A well-written job description can make all the difference when you are ready to hire a new employee. Hiring a new person can be a long, drawn-out process, but starting off with a solid job description can help streamline all of the steps that follow it, from reviewing resumes to scheduling interviews and finally making a hiring decision. To assist you in taking this first step toward onboarding a new hire, we have created the following Medical Records Technician job description sample.
Medical Records Technician Job Summary
As a medical records technician at Dr. Fabulous’ Kidtown, Colorado, pediatrics office, you will create and maintain patient records under the direction of the medical records administrator.
Medical Records Technician Job Responsibilities and Duties:
- Maintain medical records, ensuring they are accurate and up-to-date.
- Resolve discrepancies.
- Maintain patient confidentiality.
- Use electronic and hard-copy paper filing systems.
- Distribute information as needed, following established information-release procedures.
Medical Records Technician Skills and Qualifications
- Current Registered Health Information Technician (RHIT) certification required.
- Two years’ experience in medical records or back office required; three to five years’ experience preferred.
- Must possess strong organizational and office technology skills.
- Familiarity and comfort with database operations is a must.
- Experience with medical terminology and coding required.
Dr. Emilia Fabulous has been practicing pediatric medicine for more than 25 years and is proud to have won “Best Pediatrician in Kidtown” for the past four years in a row. Our downtown Kidtown offices have extended Saturday hours and special health-themed events throughout the year. Our waiting area and our front and back offices feature state-of-the-art, ergonomic furniture and a fun, kid-friendly environment.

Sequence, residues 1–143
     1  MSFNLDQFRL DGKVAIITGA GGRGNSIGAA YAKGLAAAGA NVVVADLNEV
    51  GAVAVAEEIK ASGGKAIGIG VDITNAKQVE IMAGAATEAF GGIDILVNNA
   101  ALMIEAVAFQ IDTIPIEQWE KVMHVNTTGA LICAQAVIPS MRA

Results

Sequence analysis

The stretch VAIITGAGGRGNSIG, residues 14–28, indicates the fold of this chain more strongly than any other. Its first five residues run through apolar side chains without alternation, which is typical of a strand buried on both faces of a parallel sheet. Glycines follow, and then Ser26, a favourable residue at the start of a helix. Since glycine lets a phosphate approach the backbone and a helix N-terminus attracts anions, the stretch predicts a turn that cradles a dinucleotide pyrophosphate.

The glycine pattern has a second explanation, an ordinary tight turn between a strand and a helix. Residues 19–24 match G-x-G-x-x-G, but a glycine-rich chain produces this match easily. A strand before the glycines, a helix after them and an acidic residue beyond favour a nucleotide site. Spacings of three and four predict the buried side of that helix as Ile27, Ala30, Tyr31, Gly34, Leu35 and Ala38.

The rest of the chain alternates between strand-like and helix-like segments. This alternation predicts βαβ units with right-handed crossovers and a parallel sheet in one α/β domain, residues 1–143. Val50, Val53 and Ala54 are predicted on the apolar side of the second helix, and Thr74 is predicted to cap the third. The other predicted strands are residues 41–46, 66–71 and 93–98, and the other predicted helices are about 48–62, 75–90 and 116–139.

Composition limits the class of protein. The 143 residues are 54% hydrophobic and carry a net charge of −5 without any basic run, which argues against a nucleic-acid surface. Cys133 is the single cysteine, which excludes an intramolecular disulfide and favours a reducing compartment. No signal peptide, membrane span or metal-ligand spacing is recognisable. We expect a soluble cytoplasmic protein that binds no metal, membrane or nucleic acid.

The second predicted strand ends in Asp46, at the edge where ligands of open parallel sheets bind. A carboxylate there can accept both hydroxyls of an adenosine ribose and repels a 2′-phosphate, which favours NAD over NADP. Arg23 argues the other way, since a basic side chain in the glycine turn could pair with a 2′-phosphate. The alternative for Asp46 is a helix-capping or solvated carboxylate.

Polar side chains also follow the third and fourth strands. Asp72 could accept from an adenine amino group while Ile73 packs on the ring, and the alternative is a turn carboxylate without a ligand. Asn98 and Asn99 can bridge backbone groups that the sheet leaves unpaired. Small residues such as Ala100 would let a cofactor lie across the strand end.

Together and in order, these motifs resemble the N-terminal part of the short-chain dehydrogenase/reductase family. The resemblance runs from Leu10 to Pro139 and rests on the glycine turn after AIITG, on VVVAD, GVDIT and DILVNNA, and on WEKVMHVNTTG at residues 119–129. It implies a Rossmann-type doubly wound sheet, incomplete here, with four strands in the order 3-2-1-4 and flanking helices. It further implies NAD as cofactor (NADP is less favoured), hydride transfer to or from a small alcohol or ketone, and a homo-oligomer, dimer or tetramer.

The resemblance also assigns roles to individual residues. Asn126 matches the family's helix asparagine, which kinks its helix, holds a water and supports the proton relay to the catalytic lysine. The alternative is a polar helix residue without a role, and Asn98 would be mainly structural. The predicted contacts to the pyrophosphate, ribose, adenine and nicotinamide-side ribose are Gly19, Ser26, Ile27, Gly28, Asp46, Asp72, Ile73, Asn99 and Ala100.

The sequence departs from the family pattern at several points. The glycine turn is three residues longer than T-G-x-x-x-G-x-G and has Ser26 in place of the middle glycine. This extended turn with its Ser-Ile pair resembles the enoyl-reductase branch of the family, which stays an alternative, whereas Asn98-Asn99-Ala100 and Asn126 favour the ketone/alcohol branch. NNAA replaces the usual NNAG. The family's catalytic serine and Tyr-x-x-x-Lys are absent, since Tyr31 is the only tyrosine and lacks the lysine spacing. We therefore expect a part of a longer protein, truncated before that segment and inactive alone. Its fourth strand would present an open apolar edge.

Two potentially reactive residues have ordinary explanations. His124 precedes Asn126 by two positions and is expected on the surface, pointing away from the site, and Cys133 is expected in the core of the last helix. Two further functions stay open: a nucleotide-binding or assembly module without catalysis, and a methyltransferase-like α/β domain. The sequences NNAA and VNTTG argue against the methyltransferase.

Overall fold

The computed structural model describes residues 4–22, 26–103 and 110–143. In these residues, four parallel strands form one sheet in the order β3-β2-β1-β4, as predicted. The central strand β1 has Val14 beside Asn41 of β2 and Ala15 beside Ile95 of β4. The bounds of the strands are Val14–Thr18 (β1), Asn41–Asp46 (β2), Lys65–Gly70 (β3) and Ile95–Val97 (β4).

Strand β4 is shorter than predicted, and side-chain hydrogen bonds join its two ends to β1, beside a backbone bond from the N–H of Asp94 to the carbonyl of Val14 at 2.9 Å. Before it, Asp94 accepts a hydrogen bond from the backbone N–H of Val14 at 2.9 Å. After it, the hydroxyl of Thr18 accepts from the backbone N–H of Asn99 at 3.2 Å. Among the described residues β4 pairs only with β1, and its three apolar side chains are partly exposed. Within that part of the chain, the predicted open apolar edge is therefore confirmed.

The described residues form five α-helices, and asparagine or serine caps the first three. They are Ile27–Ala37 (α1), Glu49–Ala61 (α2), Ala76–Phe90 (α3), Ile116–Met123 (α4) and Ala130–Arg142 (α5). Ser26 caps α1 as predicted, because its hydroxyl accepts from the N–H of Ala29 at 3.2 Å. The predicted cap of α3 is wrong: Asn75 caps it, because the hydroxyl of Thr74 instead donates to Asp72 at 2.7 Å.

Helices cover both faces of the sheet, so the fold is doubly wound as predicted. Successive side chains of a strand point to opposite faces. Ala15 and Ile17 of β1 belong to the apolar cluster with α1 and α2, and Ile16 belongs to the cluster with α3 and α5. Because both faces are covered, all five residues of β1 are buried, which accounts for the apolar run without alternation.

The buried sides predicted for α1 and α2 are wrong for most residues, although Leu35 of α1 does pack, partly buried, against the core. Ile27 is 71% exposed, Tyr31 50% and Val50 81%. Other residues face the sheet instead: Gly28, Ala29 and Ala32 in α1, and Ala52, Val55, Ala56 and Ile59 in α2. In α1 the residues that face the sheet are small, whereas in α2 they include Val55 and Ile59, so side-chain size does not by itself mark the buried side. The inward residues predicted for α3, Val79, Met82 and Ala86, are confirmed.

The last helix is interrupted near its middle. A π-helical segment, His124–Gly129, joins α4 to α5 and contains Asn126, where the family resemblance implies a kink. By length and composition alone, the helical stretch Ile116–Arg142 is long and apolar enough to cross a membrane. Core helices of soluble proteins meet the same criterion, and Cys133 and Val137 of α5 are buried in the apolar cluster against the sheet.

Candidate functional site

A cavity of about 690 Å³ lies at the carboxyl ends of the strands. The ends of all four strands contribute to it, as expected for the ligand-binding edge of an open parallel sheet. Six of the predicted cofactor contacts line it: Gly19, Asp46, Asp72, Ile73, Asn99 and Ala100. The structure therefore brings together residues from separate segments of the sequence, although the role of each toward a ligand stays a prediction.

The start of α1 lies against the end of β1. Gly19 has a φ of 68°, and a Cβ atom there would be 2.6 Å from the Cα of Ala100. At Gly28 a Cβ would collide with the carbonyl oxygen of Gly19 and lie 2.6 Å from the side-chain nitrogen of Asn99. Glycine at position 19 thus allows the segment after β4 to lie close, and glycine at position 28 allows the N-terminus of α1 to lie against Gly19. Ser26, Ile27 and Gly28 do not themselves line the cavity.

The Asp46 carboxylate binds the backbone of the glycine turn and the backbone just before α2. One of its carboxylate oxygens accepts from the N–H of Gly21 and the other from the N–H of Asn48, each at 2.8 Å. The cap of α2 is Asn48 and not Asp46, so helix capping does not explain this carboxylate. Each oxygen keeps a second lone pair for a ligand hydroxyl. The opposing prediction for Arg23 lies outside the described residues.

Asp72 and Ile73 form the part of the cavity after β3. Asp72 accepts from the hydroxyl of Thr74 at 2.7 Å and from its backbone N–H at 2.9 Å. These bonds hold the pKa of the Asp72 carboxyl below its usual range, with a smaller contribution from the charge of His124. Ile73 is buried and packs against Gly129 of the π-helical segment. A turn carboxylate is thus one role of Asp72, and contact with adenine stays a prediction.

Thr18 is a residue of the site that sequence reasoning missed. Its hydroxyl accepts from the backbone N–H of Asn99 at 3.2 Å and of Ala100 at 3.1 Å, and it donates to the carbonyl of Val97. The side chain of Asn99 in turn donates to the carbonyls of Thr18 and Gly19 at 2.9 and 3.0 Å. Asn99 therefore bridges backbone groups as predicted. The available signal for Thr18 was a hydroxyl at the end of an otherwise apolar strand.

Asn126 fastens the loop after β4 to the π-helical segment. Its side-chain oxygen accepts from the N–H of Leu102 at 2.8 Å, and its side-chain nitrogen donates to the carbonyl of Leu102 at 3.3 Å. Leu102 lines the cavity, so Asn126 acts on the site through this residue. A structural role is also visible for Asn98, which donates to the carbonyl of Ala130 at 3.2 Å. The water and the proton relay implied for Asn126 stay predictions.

What to Include in Your Medical Records Technician Job Description
Completeness and accuracy count for a lot when you are writing a job ad. While brainstorming about what information to include and what to leave out, consider the following elements of a solid job description:
• A catchy title – Make it memorable but accurate. On the one hand, a records technician is a records technician. There is no point advertising for a “health documentation hero,” because your relevant people won’t know what that is right away. On the other hand, you could use phrases like “dedicated,” “experienced” or “friendly” to modify your key phrase, which should be “medical records technician.”
• Institution profile – The company profile of a medical office will naturally look different from that of a manufacturer or advertising agency. However, giving applicants some background information on your practice, specialty and office culture is a good idea.
• Responsibilities – This section helps to clarify what, exactly, you need your new tech to do. Never assume that you and your applicants are on the same page based only on a job title.
• Qualifications – If you require your records technicians to be certified, say so explicitly. If you insist on a certain amount of experience, include that, too. However, if you prefer a year or two of experience but are willing to work with a newly-certified tech, be sure to make that clear in the text.
Making better hires starts with building better job descriptions
• Browse 100s of templates across 40+ industries
• Customize your template with your company info & job requirements
• Post it to 20+ job boards in seconds – for FREE!
Get a professional, candidate-centric job description quickly & easily with MightyRecruiter
Writing Your Medical Records Technician Job Description: Dos and Don’ts
When you have gathered all the information you need, it is time to finalize your Medical Records Technician job description. As you compile your information, keep these points in mind:
• Do be clear about how to apply. You could write the best description in the world and still not get the response you want if no one knows how to apply. This is something to watch out for especially if you are posting anonymously on a big career website. If the name of your practice is included somewhere in the ad, determined job seekers will search you out and turn in resumes, but this is not ideal. Be sure to include an email or street address at the very least. Also include information about whether or not resumes should be submitted in person, the name of the hiring manager and next steps in the process.